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When many people think about their dietary health, they tend to associate making good nutritional food choices with managing weight, maintaining energy levels, staying physically fit and cleansing twice a year. By ingesting a balanced diet of fruits, vegetables, whole grains and lean meats, individuals can work to meet their basic health needs. However, there are other factors to consider when focusing on food and nutrition.

A diet that includes an excessive amount of fried, greasy food that is high in sodium and fat can place additional stress on the body while denying it key nutrients. Over time, such poor food choices coupled with environmental stress can wreak havoc on the digestive system, leading to uncomfortable complications. One such condition is known as irritable bowel syndrome. If you believe you may be experiencing digestive problems, learning about irritable bowel syndrome may be able to help you overcome the issue.

What is irritable bowel syndrome?

According to WebMD, irritable bowel syndrome is a condition that can develop in the intestinal tract and last for an extended amount of time. Depending on the person affected by the digestive issue, pain may be mild or severe, and it can fluctuate at varying levels on different days.

Individuals living with this condition may experience a range of uncomfortable symptoms plaguing their digestive system, such as stomach pain, constipation, diarrhea, gas buildup and muscle cramps. Though these effects usually do not lead to more severe complications with the digestive system, they can last for days, weeks or even months.

While many people do not experience irritable bowel symptoms strong enough to cause major concern about their health, others may have a more powerful form of the condition. The main factors individuals with irritable bowel syndrome experience are diarrhea and constipation. These symptoms can shift back and forth on varying days. Many people also report a sensation like they have not fully evacuated their bowels after using the bathroom.

What causes irritable bowel syndrome?

The Mayo Clinic reports that irritable bowel syndrome is often the result of disrupted movements of the intestinal muscles when processing digested food. Irregularities with contractions of the intestinal wall designed to transport food can lead to symptoms closely associated with irritable bowel syndrome. Overly powerful contractions may trigger diarrhea, while slowed contractions may result in constipation.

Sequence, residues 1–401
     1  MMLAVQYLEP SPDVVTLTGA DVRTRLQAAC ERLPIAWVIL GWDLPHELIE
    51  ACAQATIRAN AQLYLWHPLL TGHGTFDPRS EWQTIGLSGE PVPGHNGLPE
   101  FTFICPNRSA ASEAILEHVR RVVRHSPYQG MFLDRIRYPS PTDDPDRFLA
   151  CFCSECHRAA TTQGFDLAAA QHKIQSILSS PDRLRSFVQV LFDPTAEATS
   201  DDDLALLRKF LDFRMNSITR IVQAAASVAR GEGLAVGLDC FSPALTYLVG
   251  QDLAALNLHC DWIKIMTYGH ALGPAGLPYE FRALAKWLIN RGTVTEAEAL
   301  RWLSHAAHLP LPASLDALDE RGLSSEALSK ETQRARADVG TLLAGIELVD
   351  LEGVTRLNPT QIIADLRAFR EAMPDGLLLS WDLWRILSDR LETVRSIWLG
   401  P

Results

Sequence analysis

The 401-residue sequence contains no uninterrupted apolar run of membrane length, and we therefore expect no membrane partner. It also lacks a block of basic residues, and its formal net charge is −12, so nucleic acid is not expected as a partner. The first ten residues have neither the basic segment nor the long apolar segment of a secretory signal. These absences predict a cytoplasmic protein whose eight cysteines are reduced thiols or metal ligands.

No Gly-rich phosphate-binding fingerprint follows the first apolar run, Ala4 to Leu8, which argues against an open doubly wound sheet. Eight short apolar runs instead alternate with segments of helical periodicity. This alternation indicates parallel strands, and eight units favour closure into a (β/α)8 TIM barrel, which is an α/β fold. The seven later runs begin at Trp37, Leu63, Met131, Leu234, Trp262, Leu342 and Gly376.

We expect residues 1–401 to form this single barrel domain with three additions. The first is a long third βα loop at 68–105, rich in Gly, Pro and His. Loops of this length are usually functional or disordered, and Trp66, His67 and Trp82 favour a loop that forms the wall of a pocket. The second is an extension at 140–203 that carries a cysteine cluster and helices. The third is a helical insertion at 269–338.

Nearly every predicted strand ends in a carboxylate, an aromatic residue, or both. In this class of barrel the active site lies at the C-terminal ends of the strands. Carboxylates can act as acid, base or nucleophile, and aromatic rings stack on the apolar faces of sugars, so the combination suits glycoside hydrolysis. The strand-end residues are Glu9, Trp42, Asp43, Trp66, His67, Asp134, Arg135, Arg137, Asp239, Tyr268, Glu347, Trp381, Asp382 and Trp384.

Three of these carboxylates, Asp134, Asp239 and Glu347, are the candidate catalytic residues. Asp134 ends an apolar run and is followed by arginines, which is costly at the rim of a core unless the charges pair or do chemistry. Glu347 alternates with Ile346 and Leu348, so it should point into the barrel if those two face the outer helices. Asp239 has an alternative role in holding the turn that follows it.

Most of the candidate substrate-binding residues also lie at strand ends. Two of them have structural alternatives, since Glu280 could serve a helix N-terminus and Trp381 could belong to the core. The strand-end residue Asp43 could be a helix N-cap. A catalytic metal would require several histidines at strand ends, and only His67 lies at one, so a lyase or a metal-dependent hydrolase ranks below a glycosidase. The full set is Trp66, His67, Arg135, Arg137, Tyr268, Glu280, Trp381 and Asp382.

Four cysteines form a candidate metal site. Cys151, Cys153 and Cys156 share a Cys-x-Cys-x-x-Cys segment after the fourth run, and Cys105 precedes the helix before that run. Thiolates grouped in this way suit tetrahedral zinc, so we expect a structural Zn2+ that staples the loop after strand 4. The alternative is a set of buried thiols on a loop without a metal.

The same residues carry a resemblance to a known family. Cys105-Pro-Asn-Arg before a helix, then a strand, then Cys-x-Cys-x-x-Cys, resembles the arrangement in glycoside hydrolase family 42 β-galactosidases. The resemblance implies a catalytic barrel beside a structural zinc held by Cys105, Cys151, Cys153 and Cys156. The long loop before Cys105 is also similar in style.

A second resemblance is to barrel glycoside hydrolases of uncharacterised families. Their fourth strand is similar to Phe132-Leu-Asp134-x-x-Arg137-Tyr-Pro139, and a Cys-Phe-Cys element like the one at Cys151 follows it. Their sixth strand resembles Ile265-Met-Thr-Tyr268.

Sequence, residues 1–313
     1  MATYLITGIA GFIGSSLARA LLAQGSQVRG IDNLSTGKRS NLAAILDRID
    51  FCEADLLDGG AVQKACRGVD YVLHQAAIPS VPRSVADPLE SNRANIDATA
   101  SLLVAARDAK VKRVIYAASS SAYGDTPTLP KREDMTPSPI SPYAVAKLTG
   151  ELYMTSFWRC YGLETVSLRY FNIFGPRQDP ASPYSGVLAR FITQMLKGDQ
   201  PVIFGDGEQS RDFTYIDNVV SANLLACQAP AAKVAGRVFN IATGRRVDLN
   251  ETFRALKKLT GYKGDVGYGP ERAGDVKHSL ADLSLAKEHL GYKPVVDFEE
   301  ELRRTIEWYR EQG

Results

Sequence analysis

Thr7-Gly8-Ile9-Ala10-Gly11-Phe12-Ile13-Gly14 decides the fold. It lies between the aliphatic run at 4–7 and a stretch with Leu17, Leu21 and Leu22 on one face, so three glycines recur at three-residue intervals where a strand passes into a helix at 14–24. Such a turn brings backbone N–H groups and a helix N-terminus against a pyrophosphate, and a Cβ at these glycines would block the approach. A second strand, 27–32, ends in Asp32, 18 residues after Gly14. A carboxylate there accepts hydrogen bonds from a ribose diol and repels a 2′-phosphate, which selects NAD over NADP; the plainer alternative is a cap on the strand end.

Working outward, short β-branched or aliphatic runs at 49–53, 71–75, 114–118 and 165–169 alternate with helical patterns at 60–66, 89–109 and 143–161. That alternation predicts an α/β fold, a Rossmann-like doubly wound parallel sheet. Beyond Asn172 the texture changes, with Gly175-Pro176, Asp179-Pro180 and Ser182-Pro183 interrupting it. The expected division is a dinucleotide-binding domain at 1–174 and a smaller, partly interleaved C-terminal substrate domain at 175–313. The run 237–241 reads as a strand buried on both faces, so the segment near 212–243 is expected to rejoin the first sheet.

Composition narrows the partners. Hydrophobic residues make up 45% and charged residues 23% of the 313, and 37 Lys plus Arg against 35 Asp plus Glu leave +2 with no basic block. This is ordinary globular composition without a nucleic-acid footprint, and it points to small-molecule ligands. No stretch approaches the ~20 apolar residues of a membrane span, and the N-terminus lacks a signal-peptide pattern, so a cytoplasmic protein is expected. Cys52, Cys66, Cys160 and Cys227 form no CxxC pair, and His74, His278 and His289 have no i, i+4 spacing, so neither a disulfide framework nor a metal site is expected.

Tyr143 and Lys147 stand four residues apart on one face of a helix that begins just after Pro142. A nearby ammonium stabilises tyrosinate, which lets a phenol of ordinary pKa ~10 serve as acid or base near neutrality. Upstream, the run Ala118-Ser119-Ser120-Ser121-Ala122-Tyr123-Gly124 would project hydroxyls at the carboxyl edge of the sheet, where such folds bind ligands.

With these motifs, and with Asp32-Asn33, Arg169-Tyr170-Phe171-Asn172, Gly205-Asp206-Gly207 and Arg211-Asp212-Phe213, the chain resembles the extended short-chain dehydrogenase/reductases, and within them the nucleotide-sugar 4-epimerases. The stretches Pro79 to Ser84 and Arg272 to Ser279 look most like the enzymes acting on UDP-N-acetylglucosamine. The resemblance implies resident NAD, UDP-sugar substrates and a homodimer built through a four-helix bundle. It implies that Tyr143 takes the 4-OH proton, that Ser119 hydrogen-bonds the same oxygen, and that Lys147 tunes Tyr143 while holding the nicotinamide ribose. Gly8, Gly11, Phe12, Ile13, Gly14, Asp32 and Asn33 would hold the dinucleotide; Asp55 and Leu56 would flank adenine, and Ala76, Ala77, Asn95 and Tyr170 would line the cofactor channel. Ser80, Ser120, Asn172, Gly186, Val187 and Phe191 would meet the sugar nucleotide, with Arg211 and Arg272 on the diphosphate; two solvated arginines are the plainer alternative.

While healthcare researchers understand the intestinal difficulties linked to irritable bowel syndrome, they are not 100-percent clear on why these issues develop in the first place. Identifying a root cause is further complicated by the fact that different people tend to experience irritable bowel syndrome in different ways.

Some of the most likely factors behind the digestive condition include fluctuations in average amounts of serotonin in the brain, as this neurotransmitter is partially responsible for regulating functions in the stomach, intestine and colon. Issues with digestive enzymes and bacteria may also be to blame for irritable bowel syndrome.

Another potential reason for developing this digestive health condition is poor dietary choices. Individuals who respond badly to dairy products, certain fruits and vegetables, soda, chocolate or alcoholic beverages may inadvertently kick start irritable bowel syndrome symptoms. Similarly, food allergies can also play a part in stomach discomfort.

High levels of anxiety and stress can also trigger irritable bowel syndrome, though stress is not a known root cause of the disorder. People living with the condition may find their symptoms flare up during extremely busy periods, and women may experience signs of the condition prior to their menstrual period.

How can irritable bowel syndrome be treated?

While many cases of irritable bowel syndrome may be barely noticeable for individuals, others may need to make a few significant changes in their daily routines to overcome uncomfortable symptoms, reports the National Digestive Diseases Information Clearinghouse. Though there is no known cure for the disorder, shifts in diet and exercise can make a difference.

For instance, eliminating trigger foods like milk, cheese, caffeinated soda, candy and fatty proteins can reduce the likelihood that irritable bowel syndrome may flare up. Those who experience regular constipation as a result of the disorder may want to consider incorporating more dietary fiber into their meals, as this can make bowel movements more manageable.